By Toren Ballard I Director of K-12 Policy
This fall, Mississippians received two widely divergent narratives about the state of public education post-COVID:
On September 29, the Mississippi Department of Education (MDE) released school and district accountability grades for the 2021-2022 school year, showing unprecedented improvement: 87% of districts were rated “C” or higher, up from 70% in 2019, the last time MDE released accountability grades. The number of “F” districts declined from 19 to just five. A whopping 16 districts managed to improve by at least two grades (e.g., “D” to “B”), including Hattiesburg Public School District and Claiborne County School District, each of which improved three grade levels (Hattiesburg from “D” to “A”; Claiborne County from “F” to “B”).
Districts across the state were midway through a victory lap when, just weeks later, the U.S. Department of Education released national and state-level results from the National Assessment of Educational Progress (NAEP). Known as “the Nation’s Report Card,” NAEP is administered every few years to a representative sample of 4th and 8th graders across the United States to measure student achievement in reading and math. In the wake of COVID-19, predictions of widespread declines in reading and math scores proved to be correct: nationally, math scores fell by the largest amount on record to levels not seen since the early 2000s. Reading scores did not fall quite as much in point value, but they are now on par with scores in 1992. Though Mississippi had emerged over the past decade as demonstrating some of the highest NAEP gains in the nation, our 2022 state scores were similarly dismal, with the notable exception of 4th grade reading scores, which remained essentially unchanged from three years prior.
Average NAEP Scores: Mississippi, 2019-2022
|4th Grade Math||4th Grade Reading||8th Grade Math||8th Grade Reading|
What, exactly, do district grades and NAEP scores measure?
As we try to make sense of how Mississippi students in 2022 compare with one another, with students in other states, and with their pre-pandemic selves, it is fair to ask how the two primary mechanisms for measuring educational performance—NAEP and the Mississippi Statewide Accountability System—have produced such contrasting results.
To start, we should be very clear about the differences between NAEP and accountability grades. NAEP is designed to be a “common yardstick” for student achievement in reading and math regardless of location or year, meaning it is intended for apples-to-apples comparisons over time and between states. School and district accountability grades, on the other hand, are a composite indicator of school and district performance using a variety of measures, most of which are centered around achievement on the Mississippi Academic Assessment Program (MAAP) exams. Some of these measures provide apples-to-apples comparisons over time or between districts (such as the percent of students scoring proficient on MAAP exams), but other measures must be interpreted in the context of a given district at a given time (namely the rate of individual students meeting growth goals). So while accountability grades are used for comparisons between districts and over time, they are primarily intended to generally communicate to stakeholders in a given year “how well their local schools and districts are serving their students,” as MDE puts it.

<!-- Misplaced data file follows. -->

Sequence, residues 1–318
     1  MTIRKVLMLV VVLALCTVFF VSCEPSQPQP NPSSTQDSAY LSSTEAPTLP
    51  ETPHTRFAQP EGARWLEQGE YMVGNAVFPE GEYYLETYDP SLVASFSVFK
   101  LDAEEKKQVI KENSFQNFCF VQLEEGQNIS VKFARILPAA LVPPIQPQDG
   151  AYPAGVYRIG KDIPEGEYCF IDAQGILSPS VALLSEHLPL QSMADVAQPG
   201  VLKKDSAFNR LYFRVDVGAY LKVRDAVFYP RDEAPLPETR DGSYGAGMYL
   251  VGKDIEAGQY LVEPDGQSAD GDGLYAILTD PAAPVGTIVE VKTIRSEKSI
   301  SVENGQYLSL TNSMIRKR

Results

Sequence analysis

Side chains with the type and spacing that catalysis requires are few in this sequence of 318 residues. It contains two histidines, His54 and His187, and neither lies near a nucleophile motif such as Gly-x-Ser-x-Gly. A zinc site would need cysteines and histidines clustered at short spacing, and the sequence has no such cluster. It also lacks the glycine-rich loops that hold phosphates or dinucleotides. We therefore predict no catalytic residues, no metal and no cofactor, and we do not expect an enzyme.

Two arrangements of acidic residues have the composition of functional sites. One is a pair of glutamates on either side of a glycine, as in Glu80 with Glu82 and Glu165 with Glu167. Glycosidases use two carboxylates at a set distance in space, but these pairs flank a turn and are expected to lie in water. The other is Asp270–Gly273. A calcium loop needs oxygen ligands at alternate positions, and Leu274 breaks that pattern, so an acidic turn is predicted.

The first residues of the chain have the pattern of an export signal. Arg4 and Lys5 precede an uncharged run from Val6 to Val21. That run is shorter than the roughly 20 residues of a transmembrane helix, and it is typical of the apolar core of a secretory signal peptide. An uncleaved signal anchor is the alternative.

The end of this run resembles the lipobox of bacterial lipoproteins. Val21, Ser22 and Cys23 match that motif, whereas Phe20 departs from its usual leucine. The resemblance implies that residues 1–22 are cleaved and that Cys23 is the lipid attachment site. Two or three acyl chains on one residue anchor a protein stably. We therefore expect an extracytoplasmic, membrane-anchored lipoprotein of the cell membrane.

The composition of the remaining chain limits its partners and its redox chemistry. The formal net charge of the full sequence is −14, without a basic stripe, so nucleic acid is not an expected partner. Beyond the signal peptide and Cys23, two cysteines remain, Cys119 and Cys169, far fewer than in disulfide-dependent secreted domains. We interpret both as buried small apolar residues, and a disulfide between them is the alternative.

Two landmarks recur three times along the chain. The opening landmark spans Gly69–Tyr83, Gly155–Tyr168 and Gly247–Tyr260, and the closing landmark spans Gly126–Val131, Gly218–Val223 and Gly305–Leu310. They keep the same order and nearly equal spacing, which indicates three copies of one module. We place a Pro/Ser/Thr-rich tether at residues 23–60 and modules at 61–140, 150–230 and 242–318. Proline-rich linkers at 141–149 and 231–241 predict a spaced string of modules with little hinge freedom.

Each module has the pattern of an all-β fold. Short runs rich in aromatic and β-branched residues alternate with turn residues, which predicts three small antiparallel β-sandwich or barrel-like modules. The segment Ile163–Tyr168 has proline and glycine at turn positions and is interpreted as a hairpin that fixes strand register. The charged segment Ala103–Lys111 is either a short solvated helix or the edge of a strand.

Unprecedented learning loss—and recovery?
So what happened from 2019 to 2022? After the last “normal” testing year in 2019, school closures in Spring 2020 prevented students from taking the 2020 MAAP exams. The following year, in 2021, students did take MAAP, but the state opted not to calculate accountability grades considering pandemic disruptions to schooling. Proficiency data from that testing year shows the extent of COVID-related learning loss: statewide proficiency rates fell by 12.3 percentage points in math and 6.7 percentage points in reading. The bottom 10 districts in math proficiency each had rates below 5%.
In 2021-2022, students experienced a school year far less disrupted than the prior two years, and 2022 MAAP results reflected this reality: statewide proficiency rates in math were essentially at 2019 pre-pandemic levels, and statewide reading proficiency exceeded pre-pandemic levels by a whisper, about half a percentage point. The extent to which students in particular districts reversed their pandemic learning loss varied, but an average of district data (averaging districtwide scores rather than all students in the state) showed slight declines from pre-pandemic levels in both subjects (-1.52 percentage points in math; -0.81 percentage points in reading). In general, this picture is one of students recovering, rather than continuing the upward trend in proficiency rates enjoyed by the state prior to the pandemic.